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labour law

meeting with mediator

It happens too often that I receive panicked phone calls from employers who had received an unfavourable arbitration award in respect of a CCMA case that they never knew existed. That is, the employer had never received a summons to appear at the CCMA. In one such case the award required the employer to pay many tens of thousands of rands to an ex-employee. This can happen for a number of different reasons including:

We too often hear the shout from business owners and managers: “Get rid of him now; we’ll worry about the legal costs later!” Little do they realise that ‘the costs’ they are shouting about could be immense.

co-workers in a meeting

Despite South Africa’s employment equity legislation, the biases and discrimination that characterised the ‘old South Africa’ still exists in the hearts and minds of many people.

employee in an office meeting

Employers use alternative and temporary labour sources for numerous reasons including:

person signing contract

Lack of awareness of Constitutional and labour law protections of employees from foreign countries has prompted many employers to mistreat illegally employed staff. That is, employers have paid illegal immigrants low wages, deprived them of employee benefits and have dismissed them at will.

offce dispute

Employees do not ordinarily have an automatic entitlement to a pay increase or to advancement up the corporate ladder. However, the Labour Relations Act (LRA) does allow employees who have been passed over for promotion to lodge an unfair labour practice dispute at the relevant bargaining council. Should the industry in question have no bargaining council the employee may lodge the dispute at the CCMA.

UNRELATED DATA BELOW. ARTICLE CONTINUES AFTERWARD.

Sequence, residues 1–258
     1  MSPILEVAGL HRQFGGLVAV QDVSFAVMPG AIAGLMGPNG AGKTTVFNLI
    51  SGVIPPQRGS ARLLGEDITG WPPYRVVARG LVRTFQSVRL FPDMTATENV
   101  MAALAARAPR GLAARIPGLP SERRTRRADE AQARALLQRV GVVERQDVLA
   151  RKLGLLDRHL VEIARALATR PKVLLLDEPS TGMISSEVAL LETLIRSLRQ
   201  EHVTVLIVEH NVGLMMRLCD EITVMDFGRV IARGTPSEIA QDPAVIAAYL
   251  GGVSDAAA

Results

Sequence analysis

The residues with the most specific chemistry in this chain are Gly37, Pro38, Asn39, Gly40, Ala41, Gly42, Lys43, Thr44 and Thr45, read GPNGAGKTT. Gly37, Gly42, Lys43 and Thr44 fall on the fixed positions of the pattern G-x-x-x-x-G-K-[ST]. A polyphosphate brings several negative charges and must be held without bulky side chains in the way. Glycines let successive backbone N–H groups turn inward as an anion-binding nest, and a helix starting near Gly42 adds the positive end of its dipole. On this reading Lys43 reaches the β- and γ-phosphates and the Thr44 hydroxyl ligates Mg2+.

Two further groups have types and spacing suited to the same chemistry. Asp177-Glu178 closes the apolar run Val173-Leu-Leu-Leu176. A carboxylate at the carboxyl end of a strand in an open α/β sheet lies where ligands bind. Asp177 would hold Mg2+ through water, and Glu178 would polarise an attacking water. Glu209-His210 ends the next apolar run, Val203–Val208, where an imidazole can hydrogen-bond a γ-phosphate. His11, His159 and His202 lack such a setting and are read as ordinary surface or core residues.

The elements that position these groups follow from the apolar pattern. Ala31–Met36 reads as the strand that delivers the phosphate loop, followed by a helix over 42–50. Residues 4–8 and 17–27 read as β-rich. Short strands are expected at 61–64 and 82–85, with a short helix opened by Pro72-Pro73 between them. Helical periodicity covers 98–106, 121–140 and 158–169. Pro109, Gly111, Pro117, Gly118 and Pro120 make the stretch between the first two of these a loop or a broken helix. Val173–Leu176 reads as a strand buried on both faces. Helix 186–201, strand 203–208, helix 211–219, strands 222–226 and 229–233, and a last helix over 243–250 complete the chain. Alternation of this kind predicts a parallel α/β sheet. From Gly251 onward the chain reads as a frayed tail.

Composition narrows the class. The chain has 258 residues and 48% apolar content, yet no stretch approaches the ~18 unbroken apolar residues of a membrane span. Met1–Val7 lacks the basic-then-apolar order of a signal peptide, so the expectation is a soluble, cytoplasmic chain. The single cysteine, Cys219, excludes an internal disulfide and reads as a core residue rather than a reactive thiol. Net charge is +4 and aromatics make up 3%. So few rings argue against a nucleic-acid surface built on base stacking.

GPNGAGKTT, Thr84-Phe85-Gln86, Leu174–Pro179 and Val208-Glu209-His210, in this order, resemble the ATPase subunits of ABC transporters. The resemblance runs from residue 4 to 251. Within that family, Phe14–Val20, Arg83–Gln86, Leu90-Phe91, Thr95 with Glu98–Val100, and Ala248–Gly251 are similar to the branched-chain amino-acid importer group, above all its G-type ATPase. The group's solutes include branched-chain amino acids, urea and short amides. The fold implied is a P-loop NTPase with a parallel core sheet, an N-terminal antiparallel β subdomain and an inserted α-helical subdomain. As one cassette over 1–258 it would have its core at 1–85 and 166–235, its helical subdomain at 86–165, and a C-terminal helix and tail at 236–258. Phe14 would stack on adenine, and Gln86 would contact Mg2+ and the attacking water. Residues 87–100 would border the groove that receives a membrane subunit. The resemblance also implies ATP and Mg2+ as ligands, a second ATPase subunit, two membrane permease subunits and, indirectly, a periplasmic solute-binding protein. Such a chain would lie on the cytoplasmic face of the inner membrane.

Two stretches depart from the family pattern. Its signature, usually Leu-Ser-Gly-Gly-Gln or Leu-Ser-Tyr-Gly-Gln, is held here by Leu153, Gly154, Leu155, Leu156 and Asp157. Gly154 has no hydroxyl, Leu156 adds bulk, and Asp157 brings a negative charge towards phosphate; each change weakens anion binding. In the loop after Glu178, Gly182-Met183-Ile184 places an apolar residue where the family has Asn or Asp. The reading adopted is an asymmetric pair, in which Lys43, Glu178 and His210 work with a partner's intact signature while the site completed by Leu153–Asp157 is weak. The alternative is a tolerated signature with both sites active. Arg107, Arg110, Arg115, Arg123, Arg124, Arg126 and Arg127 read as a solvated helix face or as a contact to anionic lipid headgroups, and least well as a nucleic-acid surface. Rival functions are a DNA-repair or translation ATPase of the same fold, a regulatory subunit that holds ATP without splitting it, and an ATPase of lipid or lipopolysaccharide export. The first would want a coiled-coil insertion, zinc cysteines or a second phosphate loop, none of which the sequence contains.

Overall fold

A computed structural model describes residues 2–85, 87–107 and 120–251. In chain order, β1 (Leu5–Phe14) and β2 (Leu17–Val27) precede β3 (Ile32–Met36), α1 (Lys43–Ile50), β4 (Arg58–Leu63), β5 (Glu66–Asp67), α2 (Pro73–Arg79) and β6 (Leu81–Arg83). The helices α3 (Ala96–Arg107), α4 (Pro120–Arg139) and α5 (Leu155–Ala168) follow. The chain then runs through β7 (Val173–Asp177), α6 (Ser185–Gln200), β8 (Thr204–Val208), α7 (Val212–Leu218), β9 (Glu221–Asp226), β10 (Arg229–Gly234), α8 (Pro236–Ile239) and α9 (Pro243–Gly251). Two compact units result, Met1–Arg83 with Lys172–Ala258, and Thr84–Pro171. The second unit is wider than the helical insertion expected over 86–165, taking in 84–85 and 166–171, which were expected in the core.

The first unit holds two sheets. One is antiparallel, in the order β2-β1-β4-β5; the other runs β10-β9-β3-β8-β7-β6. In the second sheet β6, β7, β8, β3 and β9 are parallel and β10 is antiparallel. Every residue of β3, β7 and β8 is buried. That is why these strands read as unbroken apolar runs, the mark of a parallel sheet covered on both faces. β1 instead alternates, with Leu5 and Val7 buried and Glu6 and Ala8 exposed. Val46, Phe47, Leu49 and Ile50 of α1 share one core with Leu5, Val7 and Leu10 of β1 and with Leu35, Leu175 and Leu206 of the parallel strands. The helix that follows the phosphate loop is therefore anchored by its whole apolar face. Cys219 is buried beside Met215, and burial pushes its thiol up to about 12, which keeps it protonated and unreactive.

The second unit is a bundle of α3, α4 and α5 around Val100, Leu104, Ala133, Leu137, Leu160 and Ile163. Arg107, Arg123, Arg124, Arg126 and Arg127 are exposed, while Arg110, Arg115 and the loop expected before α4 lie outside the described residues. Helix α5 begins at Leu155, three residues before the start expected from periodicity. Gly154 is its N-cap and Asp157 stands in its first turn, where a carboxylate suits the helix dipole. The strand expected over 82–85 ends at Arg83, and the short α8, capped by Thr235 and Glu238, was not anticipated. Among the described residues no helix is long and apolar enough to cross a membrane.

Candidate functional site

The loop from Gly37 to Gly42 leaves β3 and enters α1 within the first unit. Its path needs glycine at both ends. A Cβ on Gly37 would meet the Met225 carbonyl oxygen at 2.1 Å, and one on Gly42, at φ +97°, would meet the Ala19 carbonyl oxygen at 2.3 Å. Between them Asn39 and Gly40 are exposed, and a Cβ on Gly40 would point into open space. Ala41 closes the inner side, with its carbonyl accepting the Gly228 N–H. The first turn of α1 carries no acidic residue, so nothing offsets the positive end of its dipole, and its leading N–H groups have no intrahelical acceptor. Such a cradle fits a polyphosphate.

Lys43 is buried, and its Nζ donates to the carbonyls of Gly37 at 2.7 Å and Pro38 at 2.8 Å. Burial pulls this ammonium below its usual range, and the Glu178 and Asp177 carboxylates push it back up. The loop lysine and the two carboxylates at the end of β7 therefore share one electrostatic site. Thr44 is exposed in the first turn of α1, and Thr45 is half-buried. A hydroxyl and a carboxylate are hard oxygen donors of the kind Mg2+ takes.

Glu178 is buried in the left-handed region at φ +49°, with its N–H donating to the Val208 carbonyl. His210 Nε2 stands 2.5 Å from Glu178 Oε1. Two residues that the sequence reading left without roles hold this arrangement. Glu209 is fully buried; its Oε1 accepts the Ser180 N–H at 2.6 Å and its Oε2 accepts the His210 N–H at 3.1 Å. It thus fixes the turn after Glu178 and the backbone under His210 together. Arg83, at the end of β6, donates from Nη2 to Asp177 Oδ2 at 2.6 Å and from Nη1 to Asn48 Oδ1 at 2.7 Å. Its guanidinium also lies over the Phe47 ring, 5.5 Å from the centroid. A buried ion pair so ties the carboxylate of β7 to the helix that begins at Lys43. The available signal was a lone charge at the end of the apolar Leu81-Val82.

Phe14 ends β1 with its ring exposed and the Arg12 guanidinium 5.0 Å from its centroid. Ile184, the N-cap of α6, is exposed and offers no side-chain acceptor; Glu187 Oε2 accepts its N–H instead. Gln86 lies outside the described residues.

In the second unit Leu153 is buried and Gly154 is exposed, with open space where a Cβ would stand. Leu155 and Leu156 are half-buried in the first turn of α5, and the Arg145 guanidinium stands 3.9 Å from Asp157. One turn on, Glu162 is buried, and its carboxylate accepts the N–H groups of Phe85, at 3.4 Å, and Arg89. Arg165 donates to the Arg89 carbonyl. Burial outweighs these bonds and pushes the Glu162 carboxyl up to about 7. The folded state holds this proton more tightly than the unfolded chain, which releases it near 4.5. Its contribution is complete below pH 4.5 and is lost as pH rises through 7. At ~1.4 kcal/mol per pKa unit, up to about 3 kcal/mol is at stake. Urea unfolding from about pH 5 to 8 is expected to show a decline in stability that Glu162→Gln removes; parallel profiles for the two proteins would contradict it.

labour law

The Employment Equity Act (EEA) prohibits sexual harassment of employees by other employees and holds the employer liable in such cases even if the employer does not know that the sexual harassment is going on. The courts have upheld this provision.

Businessman touching an employee on her shoulder

Conservatively estimated, one in four women will experience sexual harassment in the workplace at some stage during their working lifespan. The personal toll on these women - and those around them who deal with the secondary effects - is immense.

prisoner in hand cuffs

The employment of certain sex offenders is regulated under chapter 6 of the Criminal Law Amendment Act 32 of 2007 (CLAA) and prohibits certain employers from hiring or continuing to employ sex offenders. For the purposes of this law “employers” are defined as those that employ staff who, directly or indirectly, deal with or come into contact with children or mentally disabled persons (MDP) in the course of their work.

employees at a work hearing

Should an employer fail to bring any witnesses to a CCMA arbitration the employer’s representative will find it extremely difficult to win the case because witness testimony normally forms the crucial core of the procedure at any hearing. 

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